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What is American ginseng? What is it used for?
American ginseng is a small plant native to the forests of
the northern and central United States. Plant stems grow from
a main root; each stem contains palm-shaped leaves with greenish-white
flowers and red berries.
The root of American ginseng is used medicinally. Ginseng
root is harvested when the plant reaches 4-6 years of age;
the root itself is light beige or brown in color and has long,
American ginseng contains ginsenosides, which stimulate the
immune system and fight fatigue and stress. The type and percentage
of ginsenosides in American ginseng is somewhat different
than the Asian ginseng variety. American ginseng is considered
superior for gastrointestinal problems and is commonly used
in the U.S. to improve athletic and mental performance. Other
studies are examining the use of American ginseng in the treatment
of cancer, diabetes, cardiovascular disease, immune suppression,
aging and depression.
How much American ginseng should I take?
The recommended dose of American ginseng is 1-2 grams fresh
root; 0.6-2 grams dried root; or 200-600ml of a liquid extract
daily. Patients using ginseng to improve mental or physical
performance should take doses in cycles of 15-20 days, followed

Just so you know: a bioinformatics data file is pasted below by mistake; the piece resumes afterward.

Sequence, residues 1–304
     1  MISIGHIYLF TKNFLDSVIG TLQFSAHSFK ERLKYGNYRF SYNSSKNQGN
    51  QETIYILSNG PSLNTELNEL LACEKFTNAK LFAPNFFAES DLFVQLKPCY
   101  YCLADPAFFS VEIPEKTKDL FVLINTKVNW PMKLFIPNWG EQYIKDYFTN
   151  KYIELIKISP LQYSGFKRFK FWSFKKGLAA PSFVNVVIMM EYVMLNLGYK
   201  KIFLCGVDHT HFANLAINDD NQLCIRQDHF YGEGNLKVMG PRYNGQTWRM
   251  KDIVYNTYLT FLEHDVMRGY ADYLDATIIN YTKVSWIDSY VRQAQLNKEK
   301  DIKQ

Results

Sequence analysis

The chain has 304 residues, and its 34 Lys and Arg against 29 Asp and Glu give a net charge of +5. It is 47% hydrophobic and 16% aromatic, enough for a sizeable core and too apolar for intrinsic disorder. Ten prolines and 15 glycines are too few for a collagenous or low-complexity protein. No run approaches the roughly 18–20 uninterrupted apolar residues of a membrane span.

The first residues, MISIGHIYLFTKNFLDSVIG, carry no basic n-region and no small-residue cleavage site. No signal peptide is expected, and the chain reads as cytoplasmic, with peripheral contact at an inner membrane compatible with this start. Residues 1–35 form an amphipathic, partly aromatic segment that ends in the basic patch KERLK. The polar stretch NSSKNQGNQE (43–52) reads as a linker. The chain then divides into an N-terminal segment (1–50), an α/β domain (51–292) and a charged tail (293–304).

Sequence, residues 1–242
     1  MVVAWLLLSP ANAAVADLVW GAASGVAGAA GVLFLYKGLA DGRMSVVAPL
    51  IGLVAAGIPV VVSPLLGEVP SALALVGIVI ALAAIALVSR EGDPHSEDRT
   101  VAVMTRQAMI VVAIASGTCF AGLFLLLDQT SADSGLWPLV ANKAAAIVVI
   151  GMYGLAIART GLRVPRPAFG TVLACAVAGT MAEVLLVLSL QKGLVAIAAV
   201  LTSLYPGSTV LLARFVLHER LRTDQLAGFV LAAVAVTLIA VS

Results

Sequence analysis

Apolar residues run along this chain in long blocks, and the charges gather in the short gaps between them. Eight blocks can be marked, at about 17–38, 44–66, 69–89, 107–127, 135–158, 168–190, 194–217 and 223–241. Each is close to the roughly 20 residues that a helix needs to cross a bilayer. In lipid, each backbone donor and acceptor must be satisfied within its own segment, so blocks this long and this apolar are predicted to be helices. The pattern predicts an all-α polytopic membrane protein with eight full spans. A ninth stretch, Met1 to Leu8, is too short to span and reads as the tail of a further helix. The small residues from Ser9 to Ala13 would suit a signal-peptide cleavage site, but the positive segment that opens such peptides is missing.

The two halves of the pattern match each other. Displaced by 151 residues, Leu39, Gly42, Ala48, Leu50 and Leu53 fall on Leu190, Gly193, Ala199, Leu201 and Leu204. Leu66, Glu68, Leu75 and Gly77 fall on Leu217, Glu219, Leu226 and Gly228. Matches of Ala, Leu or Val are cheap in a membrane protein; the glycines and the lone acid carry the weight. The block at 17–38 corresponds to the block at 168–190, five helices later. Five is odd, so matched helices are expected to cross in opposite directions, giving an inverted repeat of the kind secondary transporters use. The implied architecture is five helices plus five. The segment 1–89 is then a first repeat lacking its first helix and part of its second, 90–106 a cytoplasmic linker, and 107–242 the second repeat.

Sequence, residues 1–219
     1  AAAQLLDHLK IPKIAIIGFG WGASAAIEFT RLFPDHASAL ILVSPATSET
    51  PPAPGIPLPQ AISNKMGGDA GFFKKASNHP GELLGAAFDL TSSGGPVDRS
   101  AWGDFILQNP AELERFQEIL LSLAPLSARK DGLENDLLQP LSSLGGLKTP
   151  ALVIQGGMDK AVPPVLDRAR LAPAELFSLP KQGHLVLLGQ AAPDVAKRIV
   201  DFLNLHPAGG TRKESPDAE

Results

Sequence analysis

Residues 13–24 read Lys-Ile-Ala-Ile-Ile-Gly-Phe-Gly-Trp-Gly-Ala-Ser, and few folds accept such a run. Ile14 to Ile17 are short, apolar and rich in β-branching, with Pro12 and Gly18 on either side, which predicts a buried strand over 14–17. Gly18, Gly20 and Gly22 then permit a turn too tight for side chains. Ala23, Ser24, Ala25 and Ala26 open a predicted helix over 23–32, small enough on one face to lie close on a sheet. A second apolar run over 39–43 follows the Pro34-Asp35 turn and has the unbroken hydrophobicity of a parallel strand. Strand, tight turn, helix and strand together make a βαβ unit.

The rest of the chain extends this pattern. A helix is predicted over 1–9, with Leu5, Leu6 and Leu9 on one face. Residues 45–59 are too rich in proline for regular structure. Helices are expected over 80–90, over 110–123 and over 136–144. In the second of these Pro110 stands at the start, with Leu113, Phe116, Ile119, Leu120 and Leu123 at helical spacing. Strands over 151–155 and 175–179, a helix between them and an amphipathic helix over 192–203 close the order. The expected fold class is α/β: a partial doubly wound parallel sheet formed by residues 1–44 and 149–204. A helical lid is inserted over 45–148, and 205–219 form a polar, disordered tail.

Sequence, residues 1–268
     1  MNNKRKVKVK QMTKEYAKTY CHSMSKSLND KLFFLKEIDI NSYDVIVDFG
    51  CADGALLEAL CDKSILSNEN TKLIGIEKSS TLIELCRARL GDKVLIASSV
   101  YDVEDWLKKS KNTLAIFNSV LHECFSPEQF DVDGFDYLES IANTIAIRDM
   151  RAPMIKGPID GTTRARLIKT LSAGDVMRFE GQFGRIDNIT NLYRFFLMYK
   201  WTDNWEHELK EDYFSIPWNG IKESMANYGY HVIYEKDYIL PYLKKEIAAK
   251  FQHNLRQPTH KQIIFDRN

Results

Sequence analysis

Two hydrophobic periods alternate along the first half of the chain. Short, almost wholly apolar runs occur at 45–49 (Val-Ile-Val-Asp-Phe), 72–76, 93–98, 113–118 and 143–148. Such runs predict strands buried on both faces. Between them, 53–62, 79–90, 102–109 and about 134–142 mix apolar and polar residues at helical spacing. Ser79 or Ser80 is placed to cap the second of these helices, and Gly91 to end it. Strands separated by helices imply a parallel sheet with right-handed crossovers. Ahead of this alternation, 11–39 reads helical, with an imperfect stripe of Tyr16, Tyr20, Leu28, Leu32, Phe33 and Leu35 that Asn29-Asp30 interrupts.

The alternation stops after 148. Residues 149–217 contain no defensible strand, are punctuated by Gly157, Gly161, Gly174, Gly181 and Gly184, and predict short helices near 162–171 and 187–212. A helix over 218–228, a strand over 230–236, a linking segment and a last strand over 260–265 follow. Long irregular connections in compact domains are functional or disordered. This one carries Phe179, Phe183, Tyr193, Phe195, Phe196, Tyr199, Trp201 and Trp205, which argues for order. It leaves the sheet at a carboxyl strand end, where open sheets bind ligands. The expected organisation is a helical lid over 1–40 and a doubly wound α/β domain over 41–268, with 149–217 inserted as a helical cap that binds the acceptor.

by a two-week break.
What forms of American ginseng are available?
Unpeeled, uncooked ginseng can be found at many Asian markets
and grocery stores. Dried and peeled ginseng is available
in powder, capsule or extract form.
What can happen if I take too much
American ginseng? Are there any interactions I should be aware
of? What precautions should I take?
When used at the recommended daily dose, American ginseng
is considered safe. The American Herbal Products Association
has given American ginseng a class 2D rating, indicating a
possible risk for patients with hypertension. It may increase
the effects of caffeine, antipsychotics, blood pressure drugs
or steroidal medications.
Other Resources :
More You Know About Nutrition
Bahrke M, Morgan P. Evaluation of the ergogenic
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Chen X, et al. The effects of panax
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Lewis R, Wake G, Court G, et al. Non-ginsenoside nicotinic
activity in ginseng species. Phytother Res 1999;13(1):5964.
Li J, et al. Panax quinquefolium saponins protects
low density lipoproteins from oxidation. Life Sci 1999;64:5362.
Newall CA, Anderson LA, Phillipson JD. Herbal Medicines:
A Guide for Health Care Professionals. London: The Pharmaceutical